(7) the extent to which members of the minority group have been elected to public office in the jurisdiction.
Additional factors that in some cases have had probative value as part of plaintiffs' evidence to establish a violation are:
whether there is a significant lack of responsiveness on the part of elected officials to the particularized needs of the members of the minority group.
whether the policy underlying the state or political subdivision's use of such voting qualification, prerequisite to voting, or standard, practice or procedure is tenuous.
Although Gingles involved multimember districts, the Supreme Court has held that the Gingles test applies in cases, such as this one, involving single-member districts, where the challenged practice is the manipulation of district lines. See Voinovich , 507 U.S. at 157–58, 113 S.Ct. 1149 (citing Growe v. Emison , 507 U.S. 25, 40–41, 113 S.Ct. 1075, 122 L.Ed.2d 388 (1993) ); see also Bartlett v. Strickland , 556 U.S. 1, 11, 129 S.Ct. 1231, 173 L.Ed.2d 173 (2009) ; Old Person v. Brown , 312 F.3d 1036, 1040–42 (9th Cir. 2002) [hereinafter Old Person II ].
Every ten years, following each decennial census conducted by the U.S. Census Bureau and in accordance with state and federal law, Kern County (the "County") must redraw single-member electoral districts for its five-member Board of Supervisors. This case arises from the 2011 redrawing of those district boundaries. Pertinent to the analysis that follows is the manner in which the 2011 redistricting plan was adopted. Much of the evidence comes from the testimony of Allan Krauter, who at the time was a legislative analyst in the CAO. (See Trial Tr., Vol. 3, 391:19–392:11.) The County designated Mr. Krauter as the person most knowledgeable about the 2011 redistricting process, as well as the person most knowledgeable regarding use of the County's redistricting software. (Id. at 392:12–393:19.)At trial, Mr. Krauter testified at length regarding the factors the County took into account in redrawing the supervisorial map. First, since 1991, in order to comply with the Voting Rights Act, the County has maintained one majority-Latino district. (Id. at 501:18–19.) One of Mr. Krauter's goals in redrawing the County's districts in 2011 was to maintain one majority-Latino district, referred to by some County employees as the County's "Voting Rights Act district," which was and remains District 5. (Id. ; id. at 427:19–24.) Second, Mr. Krauter considered "compactness, contiguity[,] preservation of geographic boundaries, and other communities of interest." (Id. at 398:20–25.) Third, Mr. Krauter attempted to maintain roughly equivalent populations across all five districts. (Id. at 398:12–16.) Fourth, Mr. Krauter and the County considered input from the community, which was expressed at workshops held across the County. (Id. at 398:8–11.)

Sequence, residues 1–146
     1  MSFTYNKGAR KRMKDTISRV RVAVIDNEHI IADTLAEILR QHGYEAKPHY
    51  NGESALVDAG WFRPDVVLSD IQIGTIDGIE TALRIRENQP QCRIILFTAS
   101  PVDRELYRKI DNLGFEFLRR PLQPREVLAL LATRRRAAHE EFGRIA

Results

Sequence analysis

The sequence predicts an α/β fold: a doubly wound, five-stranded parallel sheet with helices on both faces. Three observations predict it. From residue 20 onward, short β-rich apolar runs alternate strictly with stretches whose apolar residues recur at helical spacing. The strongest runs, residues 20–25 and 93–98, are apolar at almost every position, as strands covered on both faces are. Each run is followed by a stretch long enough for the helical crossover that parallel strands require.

Mr. Krauter was also designated by the County as the person most knowledgeable about the County's process for receiving and soliciting public comment, public participation, and how that information was communicated to the Board of Supervisors regarding the 2011 redistricting process. (Id. at 393:2–7.)
Unlike some counties and other political units, Kern County did not hire outside consultants to assist it with the 2011 redistricting process. (Compare Trial Tr., Vol. 7, 1073:3–18 (testimony of John Nilon), with Trial Tr., Vol. 9, 1437:6–9 (testimony of Douglas Johnson).) Kern County Administrative Officer John Nilon, Mr. Krauter's supervisor at the time of the 2011 process, explained that the County conducts its redistricting in-house because "it's been a long tradition for the County Administrative Office to do that and we have capable staff." (Trial Tr., Vol. 7, 1073:10–11.)
The 2011 redistricting process was based on the 2010 Census, which was released on March 8, 2010. (Id. at 399:20–400:5; JX 6 at 1.) Those census numbers indicated that the County had experienced a population increase of roughly 178,000 residents from 2000 to 2010. (JX 6 at 1.) Moreover, because this population increase did not occur evenly across all five districts, district boundaries needed to be altered somewhat "to achieve relatively equal representation within the legally acceptable range." (Id. ) The 2010 Census population number included prisoners, non-citizens, and children, and also included a breakdown of the percentage of the Kern County population that was Hispanic. (Trial Tr., Vol. 3, 401:12–24, 402:9–403:5; JX 6 at 3.)
In attempting to draw the 2011 district boundaries in accordance with the factors already discussed, Mr. Krauter employed map-drawing software known as Maptitude. (Id. at 405:2–7.) Maptitude contained the 2010 Census data, as well as the County district boundaries that had been in place since 2001. (Id. at 405:8–19.) The Maptitude program was able to distinguish between Latino and non-Latino residents, as well as between residents who were of voting age and those who were not. Notably, however, according to Mr. Krauter, the data contained in Maptitude was unable to load citizenship data available through the American Community Survey ("ACS"), an annual survey administered by the Census Bureau that collects demographic information, including age, income, education, and citizenship, from a sample of the population. (Id. at 405:20–406:21; Trial Tr., Vol. 1, 61:17–62:17.) Mr. Krauter attempted to add ACS citizenship data to Maptitude, but was ultimately unsuccessful. (Id. at 482:3–17.) For this reason, Maptitude as employed by Mr. Krauter was unable to calculate the citizen voting age population ("CVAP") of the County or any of the supervisorial districts therein. (Id. at 440:10–16.) Instead, Mr. Krauter merely estimated that across the County, the Latino CVAP was roughly 20 percent lower than the Latino voting age population. (Id. at 440:20–441:8.) Thus, Mr. Krauter was forced to rely on these rough estimates of the Latino CVAP in each district, conceding at trial that he was unable to determine the number with precision. (Id. at 441:9–12.)